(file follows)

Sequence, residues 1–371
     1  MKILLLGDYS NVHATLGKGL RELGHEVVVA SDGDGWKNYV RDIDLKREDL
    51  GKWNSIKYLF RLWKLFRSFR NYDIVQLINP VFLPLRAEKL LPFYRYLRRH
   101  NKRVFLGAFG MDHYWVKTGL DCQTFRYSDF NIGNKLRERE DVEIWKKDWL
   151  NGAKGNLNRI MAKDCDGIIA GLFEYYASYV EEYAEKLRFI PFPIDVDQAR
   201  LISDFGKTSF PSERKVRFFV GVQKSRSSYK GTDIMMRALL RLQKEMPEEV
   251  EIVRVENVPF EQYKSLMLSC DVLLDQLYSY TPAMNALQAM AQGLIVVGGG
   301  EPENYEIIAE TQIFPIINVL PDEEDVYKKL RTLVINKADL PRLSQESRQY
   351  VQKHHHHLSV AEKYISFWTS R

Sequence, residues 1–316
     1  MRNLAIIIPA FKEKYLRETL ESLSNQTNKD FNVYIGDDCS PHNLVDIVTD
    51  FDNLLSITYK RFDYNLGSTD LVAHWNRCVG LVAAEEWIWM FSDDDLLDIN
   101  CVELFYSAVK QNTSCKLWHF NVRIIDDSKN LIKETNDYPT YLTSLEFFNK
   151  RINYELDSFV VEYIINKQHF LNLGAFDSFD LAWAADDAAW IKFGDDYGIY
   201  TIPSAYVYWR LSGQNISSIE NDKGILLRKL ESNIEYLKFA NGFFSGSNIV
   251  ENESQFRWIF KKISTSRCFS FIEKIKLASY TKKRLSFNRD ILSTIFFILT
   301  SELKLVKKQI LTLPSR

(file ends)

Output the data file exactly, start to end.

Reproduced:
Sequence, residues 1–371
     1  MKILLLGDYS NVHATLGKGL RELGHEVVVA SDGDGWKNYV RDIDLKREDL
    51  GKWNSIKYLF RLWKLFRSFR NYDIVQLINP VFLPLRAEKL LPFYRYLRRH
   101  NKRVFLGAFG MDHYWVKTGL DCQTFRYSDF NIGNKLRERE DVEIWKKDWL
   151  NGAKGNLNRI MAKDCDGIIA GLFEYYASYV EEYAEKLRFI PFPIDVDQAR
   201  LISDFGKTSF PSERKVRFFV GVQKSRSSYK GTDIMMRALL RLQKEMPEEV
   251  EIVRVENVPF EQYKSLMLSC DVLLDQLYSY TPAMNALQAM AQGLIVVGGG
   301  EPENYEIIAE TQIFPIINVL PDEEDVYKKL RTLVINKADL PRLSQESRQY
   351  VQKHHHHLSV AEKYISFWTS R

Sequence, residues 1–316
     1  MRNLAIIIPA FKEKYLRETL ESLSNQTNKD FNVYIGDDCS PHNLVDIVTD
    51  FDNLLSITYK RFDYNLGSTD LVAHWNRCVG LVAAEEWIWM FSDDDLLDIN
   101  CVELFYSAVK QNTSCKLWHF NVRIIDDSKN LIKETNDYPT YLTSLEFFNK
   151  RINYELDSFV VEYIINKQHF LNLGAFDSFD LAWAADDAAW IKFGDDYGIY
   201  TIPSAYVYWR LSGQNISSIE NDKGILLRKL ESNIEYLKFA NGFFSGSNIV
   251  ENESQFRWIF KKISTSRCFS FIEKIKLASY TKKRLSFNRD ILSTIFFILT
   301  SELKLVKKQI LTLPSR